If you haven’t been following the Christian music scene for awhile, I can’t really say that I blame you. Much of the music we label as “Christian” is, frankly, boring. If a particular band or album is beautifully done, it is usually either considered a step away from the “Christian music” scene (i.e., they did not mention Jesus’ name explicitly in that last album, and so are no longer being Christian in their music) or it is a fluke. There are, of course, exceptions to this. Some artists and bands have created beautiful music that Christians can embrace, but with the sheer number of artists out there, the contemporary Christian music scene is stale.
Last October, I began reviewing music for The Christian Manifesto. I had been listening primarily to Christian music for nearly all of my life, and decided to branch out by applying to write for them. The site reviews Christian and ‘secular’ music, so I was prepared for a bit of culture shock.
When it comes to most genres, I’ve found that secular music tends to be superior in production and creativity. There are a few exceptions, but nearly everything I’ve come across beats out the ‘Christian counterpart.’ Part of the reason behind this, I suspect, is that many Christian artists are influenced by secular musicians, to the point where they end up sounding like the kid brother: imitating rather than claiming a unique identity.
While one genre of Christian music has definitely fallen prey to that ‘kid brother’ mindset, it has, in the last few years, nonetheless managed to become a major force in the music world: Christian hip-hop and rap. At first I wrote the genre off as something I could not connect to when I first heard any artists in the genre, but eventually was convinced by a good friend of mine to give it a shot.
After a number of years within the genre, I can barely imagine giving it up.
What is interesting to me about Christian hip-hop and rap, among many other things, is the sheer commercial success of artists who explicitly proclaim the gospel and Jesus’ name. While some artists (in any genre) are accused of forsaking the name of Christ in order to gain attention from fans, it would likely be difficult to accuse many of the biggest artists in the Christian hip-hop scene of forsaking the name of Christ, at least in their lyrics.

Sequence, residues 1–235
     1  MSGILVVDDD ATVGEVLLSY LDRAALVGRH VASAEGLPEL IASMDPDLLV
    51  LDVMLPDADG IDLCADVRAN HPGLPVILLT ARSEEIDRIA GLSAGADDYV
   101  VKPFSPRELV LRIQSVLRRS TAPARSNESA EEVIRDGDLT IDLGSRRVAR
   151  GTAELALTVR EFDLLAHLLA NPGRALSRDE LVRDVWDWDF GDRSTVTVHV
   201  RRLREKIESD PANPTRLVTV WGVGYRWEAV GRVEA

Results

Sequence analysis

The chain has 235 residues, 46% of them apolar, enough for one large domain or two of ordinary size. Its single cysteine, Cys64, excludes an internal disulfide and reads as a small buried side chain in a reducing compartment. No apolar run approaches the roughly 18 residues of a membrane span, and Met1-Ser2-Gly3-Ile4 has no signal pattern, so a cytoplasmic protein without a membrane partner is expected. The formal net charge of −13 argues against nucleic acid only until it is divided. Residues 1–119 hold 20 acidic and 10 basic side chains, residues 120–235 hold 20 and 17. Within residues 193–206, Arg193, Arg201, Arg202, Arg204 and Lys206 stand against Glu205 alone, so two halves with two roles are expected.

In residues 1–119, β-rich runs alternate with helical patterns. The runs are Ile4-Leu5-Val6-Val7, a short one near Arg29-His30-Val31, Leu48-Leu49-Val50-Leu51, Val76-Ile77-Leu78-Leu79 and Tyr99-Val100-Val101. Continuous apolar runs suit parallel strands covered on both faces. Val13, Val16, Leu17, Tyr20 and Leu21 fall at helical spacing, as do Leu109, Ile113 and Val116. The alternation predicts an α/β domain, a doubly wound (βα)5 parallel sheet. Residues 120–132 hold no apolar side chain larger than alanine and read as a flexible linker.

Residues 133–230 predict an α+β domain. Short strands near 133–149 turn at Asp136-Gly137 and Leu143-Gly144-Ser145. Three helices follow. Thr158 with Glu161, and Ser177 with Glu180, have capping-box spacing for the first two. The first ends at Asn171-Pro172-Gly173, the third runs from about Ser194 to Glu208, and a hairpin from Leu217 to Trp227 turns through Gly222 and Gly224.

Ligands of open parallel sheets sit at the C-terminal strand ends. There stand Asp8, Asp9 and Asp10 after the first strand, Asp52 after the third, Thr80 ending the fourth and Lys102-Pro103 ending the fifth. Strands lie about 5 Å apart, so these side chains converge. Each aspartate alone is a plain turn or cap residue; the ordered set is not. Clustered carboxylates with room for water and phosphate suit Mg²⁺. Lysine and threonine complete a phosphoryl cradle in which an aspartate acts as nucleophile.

Today is a good example of the success of these artists, but it is also just the current expression of a reality that has been around for a few years. Reach Records’ artist PRo has managed to hit the number 3 spot on the iTunes hip-hop/rap chart. When I looked at iTunes myself, he also is listed at number 6 overall. This is impressive, but even more so when you give the album a listen. From a production and creativity standpoint, the album is on par with or outshines many secular ‘counterparts,’ but doesn’t pull punches when it comes to content.
This isn’t the first time a Reach Records artist has had comparable success. Lecrae has managed to score even higher on iTunes charts. Other Reach artists have all managed to do well on iTunes charts in the last couple of years, and I do not think these are just because Christians are suddenly buying their albums. Of course, the appeal is there for believers, but these albums are selling elsewhere. One editorial piece from All Hip Hop suggested that legend Jay-Z should sign Lecrae, saying that “The music is there. The message is there.”
Of course, Reach Records isn’t the only label out there to garner success on iTunes charts. Clear Sight Music’s artist Flame charted well when he released Captured last December, and even an independent artist, Thi’sl, released Beautiful Monster and hit high on hip-hop/rap charts.
Add to all of this the fact that both Lecrae and Thi’sl have been interviewed by major website Hip Hop DX (Lecrae’s interview found here, and Thi’sl can be found here), and you’ve got a lot of evidence in support of the validity of Christian hip-hop and rap.
Measuring the success of a Christian artist by how well they chart on iTunes may not be as accurate as we’d like. After all, Christians can expect to be persecuted. While diminished sales may not compare to martyrs of old, expecting success in a commercial market is not something guaranteed. Christians should stand out, and Christ should be attractive, but it is clear that this will not always be the case among non-believers.
This has only been a primer, so be sure to check back in the coming days for some further discussion of Christian hip-hop, a look at the current spreading ‘division’ between “Christian rappers” and “Rappers who are Christians,” as well as taking a look at questions of what can or should qualify as “Christian” music.